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Editorial: Workers are fed up of being squeezed and taken for granted

YESTERDAY the Financial Times gave a stark warning on its front page that the world’s most well-known multinational household brands are set to increase their prices, some by more than 10 per cent.

These fat cats include Amazon, Coca-Cola and McDonald’s as well as Unilever, which makes consumer goods such as Dove soap and Persil washing powder.  

Big business claims that the current trend of price hikes is due to the effects of inflation, the pandemic and the ongoing war in Ukraine. The IMF has cut its predictions of growth and expects a “downturn,” calling the situation unpredictable.

However, if you are a worker or a regular reader of the Morning Star, you might know that while our wages are stagnating due to the decisions of government and big business, profits for big business continue to skyrocket.

Amazon made over $10 billion in net profit last year. Coca-Cola, over $6bn; McDonald’s, $3bn.

That is almost £20bn in corporate profit between just three huge companies — and yet the banks, the boards of directors and the politicians are telling us that we need to tighten our belts.   

As reported today by the Morning Star, the so-called cost-of-living crisis is in fact a crisis of capitalist rate of profit.  

The capitalist class and its hangers-on are making plenty of money, but it is always looking at ways to increase that profit margin, whether through keeping our wages down, cutting the expenditure on our public services, or firing and rehiring workers on worse conditions.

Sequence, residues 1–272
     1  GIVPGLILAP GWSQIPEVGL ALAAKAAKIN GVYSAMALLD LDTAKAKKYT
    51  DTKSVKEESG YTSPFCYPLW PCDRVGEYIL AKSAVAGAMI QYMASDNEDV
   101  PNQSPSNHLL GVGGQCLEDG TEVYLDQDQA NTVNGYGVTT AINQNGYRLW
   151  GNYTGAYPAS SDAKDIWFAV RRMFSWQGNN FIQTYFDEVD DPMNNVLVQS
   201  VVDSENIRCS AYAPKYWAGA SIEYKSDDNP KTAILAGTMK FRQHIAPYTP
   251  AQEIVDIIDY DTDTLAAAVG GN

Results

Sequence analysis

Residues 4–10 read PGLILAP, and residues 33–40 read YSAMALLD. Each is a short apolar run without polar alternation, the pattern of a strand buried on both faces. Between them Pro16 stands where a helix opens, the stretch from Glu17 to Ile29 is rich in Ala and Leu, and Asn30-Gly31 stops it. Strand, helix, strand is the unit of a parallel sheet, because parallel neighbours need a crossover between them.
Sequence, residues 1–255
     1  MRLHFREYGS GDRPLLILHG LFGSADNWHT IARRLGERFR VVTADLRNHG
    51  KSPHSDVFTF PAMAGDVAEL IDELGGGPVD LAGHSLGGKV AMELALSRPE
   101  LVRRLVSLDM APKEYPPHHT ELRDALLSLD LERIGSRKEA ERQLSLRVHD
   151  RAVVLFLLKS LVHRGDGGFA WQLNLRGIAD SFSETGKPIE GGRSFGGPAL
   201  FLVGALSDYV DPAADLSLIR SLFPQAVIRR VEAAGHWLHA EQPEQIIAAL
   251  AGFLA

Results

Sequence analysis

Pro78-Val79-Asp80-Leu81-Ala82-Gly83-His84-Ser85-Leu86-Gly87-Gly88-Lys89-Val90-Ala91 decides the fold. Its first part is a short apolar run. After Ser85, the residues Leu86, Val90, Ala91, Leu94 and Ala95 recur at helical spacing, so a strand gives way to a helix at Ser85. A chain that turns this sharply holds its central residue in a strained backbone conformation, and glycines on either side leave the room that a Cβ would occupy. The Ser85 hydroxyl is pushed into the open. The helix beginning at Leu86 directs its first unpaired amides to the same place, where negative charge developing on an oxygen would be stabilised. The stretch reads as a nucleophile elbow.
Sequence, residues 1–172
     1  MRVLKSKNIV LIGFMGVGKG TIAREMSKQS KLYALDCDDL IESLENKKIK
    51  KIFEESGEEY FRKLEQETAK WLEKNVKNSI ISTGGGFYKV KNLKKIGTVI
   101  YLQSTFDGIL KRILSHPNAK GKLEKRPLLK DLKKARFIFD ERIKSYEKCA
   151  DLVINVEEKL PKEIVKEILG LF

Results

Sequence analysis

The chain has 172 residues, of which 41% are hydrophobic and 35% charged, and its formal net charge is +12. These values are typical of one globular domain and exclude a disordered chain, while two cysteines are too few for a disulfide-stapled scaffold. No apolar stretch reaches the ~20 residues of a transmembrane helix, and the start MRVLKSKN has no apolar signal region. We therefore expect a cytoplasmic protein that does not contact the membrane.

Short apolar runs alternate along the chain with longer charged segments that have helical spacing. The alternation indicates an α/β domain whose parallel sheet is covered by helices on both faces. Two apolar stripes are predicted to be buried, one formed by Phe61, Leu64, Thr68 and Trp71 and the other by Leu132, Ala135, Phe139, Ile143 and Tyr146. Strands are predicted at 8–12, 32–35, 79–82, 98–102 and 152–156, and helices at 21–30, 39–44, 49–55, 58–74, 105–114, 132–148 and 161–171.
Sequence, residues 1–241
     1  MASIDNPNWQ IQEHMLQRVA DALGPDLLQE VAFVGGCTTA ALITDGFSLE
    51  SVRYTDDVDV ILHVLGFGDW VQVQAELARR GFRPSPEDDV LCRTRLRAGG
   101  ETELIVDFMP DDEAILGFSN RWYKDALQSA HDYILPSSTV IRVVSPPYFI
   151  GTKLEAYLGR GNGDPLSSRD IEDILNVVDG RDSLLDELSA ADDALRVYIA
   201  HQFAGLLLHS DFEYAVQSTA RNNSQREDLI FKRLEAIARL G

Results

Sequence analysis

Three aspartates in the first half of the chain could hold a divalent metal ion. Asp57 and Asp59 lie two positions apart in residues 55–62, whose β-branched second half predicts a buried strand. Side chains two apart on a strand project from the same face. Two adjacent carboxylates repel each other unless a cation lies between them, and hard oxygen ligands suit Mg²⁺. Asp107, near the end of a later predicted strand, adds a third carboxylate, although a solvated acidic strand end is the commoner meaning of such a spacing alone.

Big business, politicians and privately owned media want to make the conversation about how workers ought to stomach the apparent fallout from inflation, the pandemic and war as a justification.  

They expect us to accept their attacks on our communities, our livelihoods and our terms and conditions at work.   

However, despite the myriad obstacles placed in front of us, workers are organising and fighting back with success. Our duty in the coming period is to continue building this organisation and resistance.

Above all, we need to pull more and more people into our collective struggle by pointing out the disparity between corporate profits and the plans of the Tories and their new leader — whether it’s Rishi Sunak or Liz Truss — to make fighting back even more difficult for our trade union movement.

Only last week the government changed the law to allow the employment of agency workers in the middle of strike action, for which Unison is seeking to take it to the High Court.

We know that in reality the capitalist class wants to make workers suffer and pay the price for inflation, the pandemic or war. They want to make us pay, whatever their excuse.

But when we face injustice, we get on our feet. Workers are fed up of being taken for granted and fed up of parlour-room politics.  

Now is the time to build inspiring trade union action, following the example of over 40,000 rail workers of the RMT yesterday, as well as Aslef, the CWU, TSSA, and all other workers taking action for change.  

We need to build the rank and file and the grassroots, where many trade unions are now finding their success in organising precarious workers, and give our movement a new strength and confidence.  

Now is the time to turn the public anger against cost-of-living crisis, everyday corruption and “partygate” into a popular and public-sector battle against the Tories, for a real recovery from the pandemic and for social and economic progress.

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